Saturday, July 07, 2012

Thunder Soul (Mark Landsman, 2010)

Let's get one thing out of the way. If you have ever remotely enjoyed documentaries, you should see Thunder Soul immediately. There are only a handful of reasons that a person shouldn't see this film, and all of them have more to do with self righteous than they actually do with the quality of this film or the story it has to tell.

With that out of the way, let's move on. Thunder Soul is the story the Kashmere High School Band, and the reunion that would become Kashmere High School Alumni Band, and their band leader, Conrad "Prof" Johnson. They became the best high school band in the country, and one of the best funk bands in the country, high school, amateur, professional or otherwise.

The great thing about Thunder Soul is that it isn't the kind of cloyingly sweet feel good tripe that so many documentaries of it's ilk become. Is it "feel good"? Absolutely. Does it have something positive to say about it's subjects and their experience? Yes. What it doesn't do is reach for some kind of overarching metaphor about the human condition and beat the audience with some kind of positivist message. It tells the story of these people, the context in which the events it portrays take place and it always lets them speak for themselves. In that way, it becomes something the viewer can digest in their own time, and in many ways, find their own meaning in. There's a whole lot that can be culled from the experience and actions of the Kashmere High School Alumni Band, but it's up to the audience to decide what exactly about those things are most worthy of being given that time and thought. Mark Landsman has enough respect for both his subjects and his audience to leave all of that up to them.

Without doubt, this is one of the most vibrant and human music documentaries I've ever seen. Because it's not weighed down with trying to debunk or uphold a band or scene that is already enshrined in the popular imagination, it has no need to deal with the kind of sensationalism that is unfortunately is a part of the music industry to such a degree that very few music documentaries are able to tell a complete story about their subjects without contending with it. It's a warm film, without shearing off the warts of the subjects in order to present some fantasized ideal that could never exist.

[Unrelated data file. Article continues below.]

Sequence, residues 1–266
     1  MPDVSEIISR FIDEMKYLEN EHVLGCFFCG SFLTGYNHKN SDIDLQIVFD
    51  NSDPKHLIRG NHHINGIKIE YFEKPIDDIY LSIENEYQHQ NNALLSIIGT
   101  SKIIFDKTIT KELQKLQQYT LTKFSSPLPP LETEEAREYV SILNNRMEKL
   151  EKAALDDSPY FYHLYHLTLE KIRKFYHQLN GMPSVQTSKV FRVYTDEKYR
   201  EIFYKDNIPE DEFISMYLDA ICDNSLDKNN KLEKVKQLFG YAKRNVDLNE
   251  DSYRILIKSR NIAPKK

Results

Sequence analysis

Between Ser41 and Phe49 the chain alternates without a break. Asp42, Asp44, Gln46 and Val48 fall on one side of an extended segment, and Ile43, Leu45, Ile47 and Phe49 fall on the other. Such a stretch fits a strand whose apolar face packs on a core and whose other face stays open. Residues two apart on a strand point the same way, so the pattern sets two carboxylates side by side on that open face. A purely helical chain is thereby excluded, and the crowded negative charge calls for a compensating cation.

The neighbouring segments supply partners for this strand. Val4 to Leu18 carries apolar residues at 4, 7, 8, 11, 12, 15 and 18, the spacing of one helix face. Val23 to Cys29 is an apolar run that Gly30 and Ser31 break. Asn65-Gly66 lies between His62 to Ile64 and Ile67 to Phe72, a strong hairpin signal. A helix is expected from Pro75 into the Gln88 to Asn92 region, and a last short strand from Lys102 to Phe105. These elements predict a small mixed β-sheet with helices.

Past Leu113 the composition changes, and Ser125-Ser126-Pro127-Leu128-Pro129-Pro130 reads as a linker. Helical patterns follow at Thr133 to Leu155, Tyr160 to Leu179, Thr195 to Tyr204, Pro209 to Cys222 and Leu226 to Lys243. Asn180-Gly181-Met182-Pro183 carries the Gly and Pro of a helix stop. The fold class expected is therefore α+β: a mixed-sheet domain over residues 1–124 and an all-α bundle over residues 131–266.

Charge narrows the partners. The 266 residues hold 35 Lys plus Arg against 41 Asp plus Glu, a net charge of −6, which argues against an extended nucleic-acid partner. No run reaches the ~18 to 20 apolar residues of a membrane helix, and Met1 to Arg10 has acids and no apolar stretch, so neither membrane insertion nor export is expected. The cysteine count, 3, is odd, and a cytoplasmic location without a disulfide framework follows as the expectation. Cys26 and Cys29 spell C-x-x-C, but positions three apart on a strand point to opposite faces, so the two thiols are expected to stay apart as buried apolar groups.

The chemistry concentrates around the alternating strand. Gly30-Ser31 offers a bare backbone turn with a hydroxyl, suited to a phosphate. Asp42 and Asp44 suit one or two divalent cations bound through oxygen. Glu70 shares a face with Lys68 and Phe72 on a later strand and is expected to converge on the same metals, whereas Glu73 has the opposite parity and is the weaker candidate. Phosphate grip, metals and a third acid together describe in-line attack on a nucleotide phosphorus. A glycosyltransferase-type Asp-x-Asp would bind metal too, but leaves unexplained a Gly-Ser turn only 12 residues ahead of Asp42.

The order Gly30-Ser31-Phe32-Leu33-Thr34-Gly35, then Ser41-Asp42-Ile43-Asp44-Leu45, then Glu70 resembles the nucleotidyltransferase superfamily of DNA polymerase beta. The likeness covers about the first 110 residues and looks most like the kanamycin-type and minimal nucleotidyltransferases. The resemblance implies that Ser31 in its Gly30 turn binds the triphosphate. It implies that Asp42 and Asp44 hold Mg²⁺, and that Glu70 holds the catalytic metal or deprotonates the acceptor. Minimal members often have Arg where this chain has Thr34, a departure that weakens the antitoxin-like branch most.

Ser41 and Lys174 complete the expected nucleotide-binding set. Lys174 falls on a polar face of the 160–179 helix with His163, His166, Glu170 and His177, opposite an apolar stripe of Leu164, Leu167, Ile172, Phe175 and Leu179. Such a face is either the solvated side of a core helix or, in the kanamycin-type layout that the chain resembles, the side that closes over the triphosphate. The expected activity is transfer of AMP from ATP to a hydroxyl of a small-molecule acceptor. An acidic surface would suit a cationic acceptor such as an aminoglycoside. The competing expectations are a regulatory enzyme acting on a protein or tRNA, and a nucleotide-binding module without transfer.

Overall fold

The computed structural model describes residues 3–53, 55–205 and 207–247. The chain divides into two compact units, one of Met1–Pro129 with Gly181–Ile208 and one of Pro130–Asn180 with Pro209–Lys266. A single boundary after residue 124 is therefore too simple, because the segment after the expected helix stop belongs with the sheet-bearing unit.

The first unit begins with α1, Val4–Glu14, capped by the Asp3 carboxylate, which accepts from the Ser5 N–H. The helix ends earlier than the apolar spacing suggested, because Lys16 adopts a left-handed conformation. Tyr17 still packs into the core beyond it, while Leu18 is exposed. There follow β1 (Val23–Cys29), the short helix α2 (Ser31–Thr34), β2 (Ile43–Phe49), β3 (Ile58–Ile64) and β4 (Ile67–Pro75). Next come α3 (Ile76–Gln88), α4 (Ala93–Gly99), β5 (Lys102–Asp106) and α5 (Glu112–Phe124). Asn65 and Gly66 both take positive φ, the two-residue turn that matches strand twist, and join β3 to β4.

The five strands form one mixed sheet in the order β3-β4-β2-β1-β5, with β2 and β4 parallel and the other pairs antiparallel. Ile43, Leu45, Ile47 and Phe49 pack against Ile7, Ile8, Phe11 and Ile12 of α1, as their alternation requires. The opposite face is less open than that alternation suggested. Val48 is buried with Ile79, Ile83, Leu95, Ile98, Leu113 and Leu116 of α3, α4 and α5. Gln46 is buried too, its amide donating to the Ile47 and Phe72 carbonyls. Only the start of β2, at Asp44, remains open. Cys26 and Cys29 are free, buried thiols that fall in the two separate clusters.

This is going to be one of the shortest reviews I've ever posted. The reason for that being, that so long as you don't find good funk music offensive somehow (and I'm hoping that the number of people who still fall in that category is infinitesimal at this point), there's absolutely nothing about this doc to dislike. It's a vibrant film, celebrating the art of musicianship, community, education, and the kind of disciplined hard work that comes with doing anything as well as this band played funk music. More than being worth the time it took to watch it, I felt I didn't want it to end, which is an extremely rare quality for a documentary.  If you have any taste for documentary film, see this one A.S.A.P.

No comments:

Post a Comment

Comments should be respectful. Taking a playful poke at me is one thing (I have after all chosen to put my opinion out there), but trolling and attacking others who are commenting won't be accepted.